Malone in the 21st Century (Part 1)

July 1, 2012

A Malone “with hope and promise”
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Calvin Luther Martin, PhD

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In 1918, a local journalist named Frederick J. Seaver published a learned and exhaustive history of Franklin County.  It’s fascinating reading.

Not quite a hundred pages into the book, Seaver asks wistfully, “What of the future?”  To which he cautiously replies,

It is believed not to be without hope and promise, though conditions and our location, remote from manufacturing centers, can not be thought favorable to a very large growth or to a very great industrial development.  Aside from the timber supply, our natural resources are few, and not likely to attract capital for the establishment of large manufactories (p. 71)

Seaver was right about “manufactories.”  Although abundant and thriving at the time of his writing, and certainly vital to the region well past the mid-20th century, Franklin County’s “smokestack” industries (mills and factories) would one day fail.

(Photo by Mindy Robinson)

(Photo by Mindy Robinson)

Jay 0. Ballard & Co. have a woolen mill and men’s garments factory on the site of the old Parmelee saw mill, with surrounding grounds handsomely laid out and kept—making, with the well lighted and sanitary buildings, one of the most attractive industrial establishments to be found anywhere.  This concern began operations in 1891 in the old Whittelsey mill at the bridge on Main street, and continued there until 1901, when it bought at its new location, erected suitable buildings, and installed all new and modern equipment.  It has had a remarkable success, employs a hundred and fifteen to one hundred and twenty hands, and would work a still larger force if procurable (Seaver p. 451).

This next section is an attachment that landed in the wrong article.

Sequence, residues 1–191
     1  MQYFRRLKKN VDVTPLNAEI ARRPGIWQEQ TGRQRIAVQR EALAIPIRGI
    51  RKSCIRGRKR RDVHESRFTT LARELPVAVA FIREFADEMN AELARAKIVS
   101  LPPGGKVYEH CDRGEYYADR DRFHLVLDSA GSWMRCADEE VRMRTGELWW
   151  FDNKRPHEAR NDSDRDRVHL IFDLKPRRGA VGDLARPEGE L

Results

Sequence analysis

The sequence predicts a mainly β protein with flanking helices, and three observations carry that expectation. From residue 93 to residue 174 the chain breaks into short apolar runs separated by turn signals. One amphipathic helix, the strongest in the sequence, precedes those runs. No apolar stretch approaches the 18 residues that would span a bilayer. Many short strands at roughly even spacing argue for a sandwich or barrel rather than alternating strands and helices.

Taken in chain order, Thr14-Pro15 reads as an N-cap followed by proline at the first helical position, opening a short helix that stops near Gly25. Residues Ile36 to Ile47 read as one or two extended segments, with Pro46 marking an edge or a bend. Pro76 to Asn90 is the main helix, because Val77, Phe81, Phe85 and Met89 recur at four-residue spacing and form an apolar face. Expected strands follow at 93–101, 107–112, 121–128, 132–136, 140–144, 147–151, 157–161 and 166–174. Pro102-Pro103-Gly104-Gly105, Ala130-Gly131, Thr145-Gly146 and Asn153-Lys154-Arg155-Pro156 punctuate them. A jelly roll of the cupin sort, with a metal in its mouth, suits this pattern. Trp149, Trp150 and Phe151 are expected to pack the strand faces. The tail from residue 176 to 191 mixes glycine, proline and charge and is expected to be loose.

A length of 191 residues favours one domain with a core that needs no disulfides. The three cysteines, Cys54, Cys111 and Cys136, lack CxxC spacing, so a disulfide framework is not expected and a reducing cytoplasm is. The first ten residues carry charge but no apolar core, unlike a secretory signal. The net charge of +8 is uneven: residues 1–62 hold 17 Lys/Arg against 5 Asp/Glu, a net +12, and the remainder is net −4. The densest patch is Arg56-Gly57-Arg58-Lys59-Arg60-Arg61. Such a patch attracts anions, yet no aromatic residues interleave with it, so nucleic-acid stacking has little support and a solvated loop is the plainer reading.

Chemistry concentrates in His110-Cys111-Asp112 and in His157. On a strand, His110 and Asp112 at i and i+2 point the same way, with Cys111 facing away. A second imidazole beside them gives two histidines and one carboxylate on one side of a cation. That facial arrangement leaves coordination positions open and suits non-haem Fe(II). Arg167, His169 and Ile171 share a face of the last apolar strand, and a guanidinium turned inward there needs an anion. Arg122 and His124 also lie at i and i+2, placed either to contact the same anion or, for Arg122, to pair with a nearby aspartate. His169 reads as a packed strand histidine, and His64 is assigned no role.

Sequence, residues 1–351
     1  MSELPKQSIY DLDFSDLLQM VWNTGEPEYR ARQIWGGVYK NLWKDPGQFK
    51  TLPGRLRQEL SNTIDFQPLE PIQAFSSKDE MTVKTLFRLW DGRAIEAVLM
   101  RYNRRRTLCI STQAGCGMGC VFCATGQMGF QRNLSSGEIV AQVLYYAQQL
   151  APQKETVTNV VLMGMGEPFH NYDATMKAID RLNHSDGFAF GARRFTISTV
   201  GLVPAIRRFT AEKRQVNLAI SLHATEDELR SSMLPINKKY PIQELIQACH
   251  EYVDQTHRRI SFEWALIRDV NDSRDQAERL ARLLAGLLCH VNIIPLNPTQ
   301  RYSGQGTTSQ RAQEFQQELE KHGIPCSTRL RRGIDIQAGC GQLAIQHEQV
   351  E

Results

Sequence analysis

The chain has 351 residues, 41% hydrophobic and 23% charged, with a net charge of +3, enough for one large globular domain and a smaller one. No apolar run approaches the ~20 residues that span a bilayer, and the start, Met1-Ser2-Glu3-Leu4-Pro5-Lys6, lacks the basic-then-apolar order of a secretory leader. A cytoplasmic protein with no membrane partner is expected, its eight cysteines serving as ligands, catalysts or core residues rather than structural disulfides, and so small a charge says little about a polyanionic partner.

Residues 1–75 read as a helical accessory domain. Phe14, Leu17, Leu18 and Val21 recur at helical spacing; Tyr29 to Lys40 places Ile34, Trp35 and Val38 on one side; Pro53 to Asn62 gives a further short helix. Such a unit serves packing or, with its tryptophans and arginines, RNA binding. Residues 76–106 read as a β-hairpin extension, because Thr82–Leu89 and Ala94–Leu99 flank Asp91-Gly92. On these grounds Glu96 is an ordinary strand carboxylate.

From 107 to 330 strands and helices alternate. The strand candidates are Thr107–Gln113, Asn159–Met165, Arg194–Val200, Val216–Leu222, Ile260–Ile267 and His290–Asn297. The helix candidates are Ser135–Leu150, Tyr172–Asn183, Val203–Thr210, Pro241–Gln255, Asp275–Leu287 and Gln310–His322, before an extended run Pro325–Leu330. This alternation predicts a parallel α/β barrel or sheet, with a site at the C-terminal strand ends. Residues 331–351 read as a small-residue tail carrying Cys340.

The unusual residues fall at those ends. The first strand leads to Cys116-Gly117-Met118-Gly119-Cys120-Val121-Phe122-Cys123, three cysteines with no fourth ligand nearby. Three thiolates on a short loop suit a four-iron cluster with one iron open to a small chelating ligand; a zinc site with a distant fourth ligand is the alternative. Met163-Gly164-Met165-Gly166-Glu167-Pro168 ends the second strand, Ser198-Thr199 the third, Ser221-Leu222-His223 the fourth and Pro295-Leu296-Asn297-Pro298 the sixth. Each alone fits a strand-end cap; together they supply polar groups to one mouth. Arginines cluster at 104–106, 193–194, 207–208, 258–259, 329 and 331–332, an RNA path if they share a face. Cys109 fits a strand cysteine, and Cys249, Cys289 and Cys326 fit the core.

(Photo by Mindy Robinson)

The date of the erection of the first Horton grist mill, which was of wood, is not known, but was earlier than 1806.  It was razed in 1853, and the present stone structure erected on the same site.  W.W. & H.E. King were part owners of it at one time, and sold their interest in 1868 to Eugene H. Ladd.  William E. Smallman bought the Horton interest later, and the mill was run for a long time, until Mr. Ladd’s death, under the name and title of Ladd & Smallman.  Henry Y. Spencer then acquiring an interest in it, the concern took the title of the Smallman & Spencer Company, which sold in 1917 to the Malone Milling Company, of which George D. Northridge is the head.